For as long as we’ve been extracting gold out of the ground, the precious metal has been used as a store of wealth that has, with few exceptions, increased in value over time.
One of those more recent exceptions was the period between 2011 and 2015, when gold prices dropped from nearly US$1,900 to sub-US$1,100 per ounce, forcing miners to seriously consider cutting costs and focus on the most profitable ventures.
Specifically, the substantial drop in price put spiraling debt levels into focus and highlighted the very cost inefficient operational structures that were commonplace at the time. If anything, the work that was done to rein in costs during that four-year period has helped boost margins and make several gold miners incredibly profitable now that prices have recovered and are steadily appreciating again.
Here’s a look at two of those miners that are worthy of consideration.
Year to date, Yamana’s stock price has dropped nearly 5%, and that drop can be attributed to updated guidance levels from the company for the rest of the year from Yamana’s Cerro Moro mine in Argentina.
Cerro Moro is the mine that Yamana is likely to see the most growth from over the next few years, so any forecast updates from that mine are going to be met with investor scrutiny. The most recent guidance update from Cerro Moro calls for an additional 5,000 ounces of gold to be produced this year but a significant decrease in silver production this year of 750,000 ounces.
2019 forecasts for Cerro Moro call for 125,000 ounces of gold and 6,000,000 ounces of silver — both considerably higher than the 85,000 ounces of gold and 3,750,000 ounces of silver forecasted for this year.
Potential investors contemplating Yamana should focus on that long-term growth and less on any current short-term issues, as Cerro Moro is set to be the lowest-costing facility with all-in-sustaining costs likely to fall into an industry-leading US$650 per ounce over the next few years.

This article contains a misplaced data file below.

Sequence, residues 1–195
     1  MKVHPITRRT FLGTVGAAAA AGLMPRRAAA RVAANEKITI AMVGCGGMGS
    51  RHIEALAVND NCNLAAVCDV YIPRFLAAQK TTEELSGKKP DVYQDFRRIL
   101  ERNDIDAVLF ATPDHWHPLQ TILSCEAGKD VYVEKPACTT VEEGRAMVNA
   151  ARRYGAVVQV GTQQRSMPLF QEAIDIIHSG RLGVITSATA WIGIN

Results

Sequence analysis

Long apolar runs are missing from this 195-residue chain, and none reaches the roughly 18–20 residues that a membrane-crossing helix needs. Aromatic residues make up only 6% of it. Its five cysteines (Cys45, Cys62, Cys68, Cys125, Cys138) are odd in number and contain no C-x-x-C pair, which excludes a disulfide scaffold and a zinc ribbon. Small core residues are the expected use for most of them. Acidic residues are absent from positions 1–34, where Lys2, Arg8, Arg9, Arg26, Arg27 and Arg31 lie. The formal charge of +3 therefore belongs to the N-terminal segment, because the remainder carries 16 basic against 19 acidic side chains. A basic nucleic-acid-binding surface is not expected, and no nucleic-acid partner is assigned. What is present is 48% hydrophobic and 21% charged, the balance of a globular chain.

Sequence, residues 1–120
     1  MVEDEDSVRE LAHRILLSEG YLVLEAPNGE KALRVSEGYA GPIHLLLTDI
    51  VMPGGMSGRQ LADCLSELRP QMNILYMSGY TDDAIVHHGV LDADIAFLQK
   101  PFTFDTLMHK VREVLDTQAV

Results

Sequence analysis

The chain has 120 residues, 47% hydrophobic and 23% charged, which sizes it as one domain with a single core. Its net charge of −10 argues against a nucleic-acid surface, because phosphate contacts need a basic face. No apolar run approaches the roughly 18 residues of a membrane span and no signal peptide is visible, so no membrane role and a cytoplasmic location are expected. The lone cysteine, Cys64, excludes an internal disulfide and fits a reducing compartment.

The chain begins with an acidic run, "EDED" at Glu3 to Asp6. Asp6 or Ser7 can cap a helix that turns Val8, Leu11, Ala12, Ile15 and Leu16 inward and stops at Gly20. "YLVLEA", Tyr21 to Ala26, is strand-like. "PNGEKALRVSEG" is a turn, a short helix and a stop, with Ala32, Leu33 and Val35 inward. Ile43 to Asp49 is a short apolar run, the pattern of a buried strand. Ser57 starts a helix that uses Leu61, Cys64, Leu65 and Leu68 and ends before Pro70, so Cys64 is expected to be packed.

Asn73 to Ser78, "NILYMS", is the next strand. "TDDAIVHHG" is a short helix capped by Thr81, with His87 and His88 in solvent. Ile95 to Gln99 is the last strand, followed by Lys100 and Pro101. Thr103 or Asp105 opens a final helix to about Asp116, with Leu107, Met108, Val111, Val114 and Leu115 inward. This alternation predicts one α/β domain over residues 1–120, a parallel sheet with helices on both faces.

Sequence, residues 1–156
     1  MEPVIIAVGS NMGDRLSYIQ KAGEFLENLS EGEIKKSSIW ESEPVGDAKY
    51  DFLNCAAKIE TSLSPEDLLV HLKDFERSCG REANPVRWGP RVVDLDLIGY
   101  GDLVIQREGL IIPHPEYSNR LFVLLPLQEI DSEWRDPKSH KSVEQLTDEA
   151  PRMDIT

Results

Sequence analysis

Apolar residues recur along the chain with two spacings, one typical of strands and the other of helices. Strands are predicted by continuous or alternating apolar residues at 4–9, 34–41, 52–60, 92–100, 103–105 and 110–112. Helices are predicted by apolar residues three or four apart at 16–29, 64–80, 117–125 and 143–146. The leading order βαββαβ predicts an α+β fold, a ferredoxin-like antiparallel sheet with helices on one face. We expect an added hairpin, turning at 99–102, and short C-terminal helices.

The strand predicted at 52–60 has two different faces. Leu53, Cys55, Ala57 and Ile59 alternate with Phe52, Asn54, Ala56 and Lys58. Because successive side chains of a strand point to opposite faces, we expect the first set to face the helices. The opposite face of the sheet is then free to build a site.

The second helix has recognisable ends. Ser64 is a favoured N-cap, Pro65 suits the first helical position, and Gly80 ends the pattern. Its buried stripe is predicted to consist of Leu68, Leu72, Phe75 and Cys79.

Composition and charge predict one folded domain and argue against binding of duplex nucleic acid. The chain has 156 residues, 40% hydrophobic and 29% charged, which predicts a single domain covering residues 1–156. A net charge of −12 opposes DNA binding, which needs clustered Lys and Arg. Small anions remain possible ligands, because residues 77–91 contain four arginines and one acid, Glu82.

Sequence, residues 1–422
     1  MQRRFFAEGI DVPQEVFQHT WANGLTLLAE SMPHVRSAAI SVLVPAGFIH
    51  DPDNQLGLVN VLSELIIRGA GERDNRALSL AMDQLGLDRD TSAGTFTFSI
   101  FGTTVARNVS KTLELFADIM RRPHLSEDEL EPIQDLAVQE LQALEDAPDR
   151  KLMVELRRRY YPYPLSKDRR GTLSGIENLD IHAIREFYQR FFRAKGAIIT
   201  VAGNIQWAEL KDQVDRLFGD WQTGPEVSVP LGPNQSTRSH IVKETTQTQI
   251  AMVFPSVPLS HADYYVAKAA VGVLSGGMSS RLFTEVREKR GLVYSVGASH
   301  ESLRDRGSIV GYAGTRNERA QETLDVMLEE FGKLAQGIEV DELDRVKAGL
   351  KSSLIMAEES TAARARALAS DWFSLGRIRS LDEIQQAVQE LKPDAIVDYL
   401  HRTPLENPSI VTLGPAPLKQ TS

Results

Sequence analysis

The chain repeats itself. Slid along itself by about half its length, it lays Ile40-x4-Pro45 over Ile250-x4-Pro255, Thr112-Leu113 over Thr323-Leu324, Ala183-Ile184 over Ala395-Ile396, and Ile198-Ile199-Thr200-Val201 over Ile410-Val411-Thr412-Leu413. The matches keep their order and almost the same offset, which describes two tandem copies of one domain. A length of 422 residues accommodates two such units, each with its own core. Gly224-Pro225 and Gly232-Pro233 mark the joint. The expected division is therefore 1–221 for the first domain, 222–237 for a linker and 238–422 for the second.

Barrick Gold Corp. (TSX:ABX)(NYSE:ABX) is the largest gold producer on the market with a well-known and often-mentioned portfolio of mines with operations in 10 countries on five continents.
The real opportunity to come from investing in Barrick, however, stems from the company’s rapidly decreasing debt load, which coincides with strong production forecasts and an improving precious metals market.
When the price of gold soared to near US$1,900 per ounce in 2011, gold producers like Barrick were left holding an incredible amount debt that was becoming increasingly difficult to pay off, considering the price of gold was dropping and operational costs were significantly higher.
In the years following the collapse in gold prices, Barrick began an aggressive debt-reduction program to target its US$13 billion debt mountain, and to say that the program was a success would be an understatement.
What followed were an impressive past four years where Barrick paid down over US$6 billion in debt, leaving the company with just US$5 billion is on target to be reached by the end of the current fiscal year.
A lower debt load translates into lower costs, increased free cash flow, and when coupled with steadily increasing gold prices and favourable production guidance for the rest of the year of 4.5-5 million ounces of gold, a long-term opportunity for growth-seeking investors emerges.
Finally, while both Barrick and Yamana do offer investors a dividend, the paltry 0.92% yield from Barrick and 0.66% yield from Yamana are more of a rounding error than a means to a steady income. Income-seeking investors are better left seeking one of the many great top dividend stocks available on the market.
This article represents the opinion of the writer, who may disagree with the “official” recommendation position of a Motley Fool premium service or advisor. We’re Motley! Questioning an investing thesis — even one of our own — helps us all think critically about investing and make decisions that help us become smarter, happier, and richer, so we sometimes publish articles that may not be in line with recommendations, rankings or other content.
Fool contributor Demetris Afxentiou has no position in any stocks mentioned.